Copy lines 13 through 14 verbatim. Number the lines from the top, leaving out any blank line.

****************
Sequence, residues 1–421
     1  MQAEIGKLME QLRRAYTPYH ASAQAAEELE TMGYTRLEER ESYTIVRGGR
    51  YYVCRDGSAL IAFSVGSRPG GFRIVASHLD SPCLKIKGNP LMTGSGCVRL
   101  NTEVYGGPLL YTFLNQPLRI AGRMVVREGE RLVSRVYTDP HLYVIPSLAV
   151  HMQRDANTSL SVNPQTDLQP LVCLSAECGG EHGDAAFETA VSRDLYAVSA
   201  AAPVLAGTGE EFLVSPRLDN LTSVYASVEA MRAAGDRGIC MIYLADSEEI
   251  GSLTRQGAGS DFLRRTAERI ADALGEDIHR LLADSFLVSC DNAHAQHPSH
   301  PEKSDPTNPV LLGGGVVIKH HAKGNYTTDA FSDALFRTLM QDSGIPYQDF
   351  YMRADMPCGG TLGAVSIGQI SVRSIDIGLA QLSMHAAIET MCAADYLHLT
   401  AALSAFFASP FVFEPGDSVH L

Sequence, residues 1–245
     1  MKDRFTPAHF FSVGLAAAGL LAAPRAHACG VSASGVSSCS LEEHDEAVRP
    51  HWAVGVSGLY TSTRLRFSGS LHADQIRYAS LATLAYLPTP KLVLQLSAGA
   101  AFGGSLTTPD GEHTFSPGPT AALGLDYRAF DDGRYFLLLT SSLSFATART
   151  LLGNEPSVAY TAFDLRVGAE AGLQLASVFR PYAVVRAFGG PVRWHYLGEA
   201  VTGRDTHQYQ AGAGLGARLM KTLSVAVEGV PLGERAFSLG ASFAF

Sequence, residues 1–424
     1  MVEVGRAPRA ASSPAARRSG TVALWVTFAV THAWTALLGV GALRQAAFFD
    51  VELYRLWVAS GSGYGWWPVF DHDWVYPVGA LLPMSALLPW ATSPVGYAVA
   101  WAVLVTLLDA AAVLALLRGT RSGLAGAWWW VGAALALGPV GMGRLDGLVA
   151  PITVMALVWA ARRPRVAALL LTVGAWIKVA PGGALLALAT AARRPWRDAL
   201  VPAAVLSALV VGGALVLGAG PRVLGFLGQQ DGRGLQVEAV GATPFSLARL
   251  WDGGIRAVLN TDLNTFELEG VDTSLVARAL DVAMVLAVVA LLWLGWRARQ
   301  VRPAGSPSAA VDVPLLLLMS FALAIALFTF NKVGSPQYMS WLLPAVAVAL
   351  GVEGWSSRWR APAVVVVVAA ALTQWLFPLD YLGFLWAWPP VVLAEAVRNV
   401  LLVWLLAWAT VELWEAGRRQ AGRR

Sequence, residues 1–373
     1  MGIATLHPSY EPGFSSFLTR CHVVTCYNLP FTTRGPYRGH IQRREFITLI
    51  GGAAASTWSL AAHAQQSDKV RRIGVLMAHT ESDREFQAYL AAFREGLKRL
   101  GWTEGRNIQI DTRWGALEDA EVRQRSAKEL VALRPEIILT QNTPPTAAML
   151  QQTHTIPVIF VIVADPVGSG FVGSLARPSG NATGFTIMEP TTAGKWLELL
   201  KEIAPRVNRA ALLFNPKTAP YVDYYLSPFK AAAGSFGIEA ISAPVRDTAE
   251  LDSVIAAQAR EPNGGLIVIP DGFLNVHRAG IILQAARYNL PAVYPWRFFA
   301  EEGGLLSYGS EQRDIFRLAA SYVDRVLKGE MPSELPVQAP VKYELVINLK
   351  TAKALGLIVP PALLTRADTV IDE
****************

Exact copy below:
    51  HWAVGVSGLY TSTRLRFSGS LHADQIRYAS LATLAYLPTP KLVLQLSAGA
   101  AFGGSLTTPD GEHTFSPGPT AALGLDYRAF DDGRYFLLLT SSLSFATART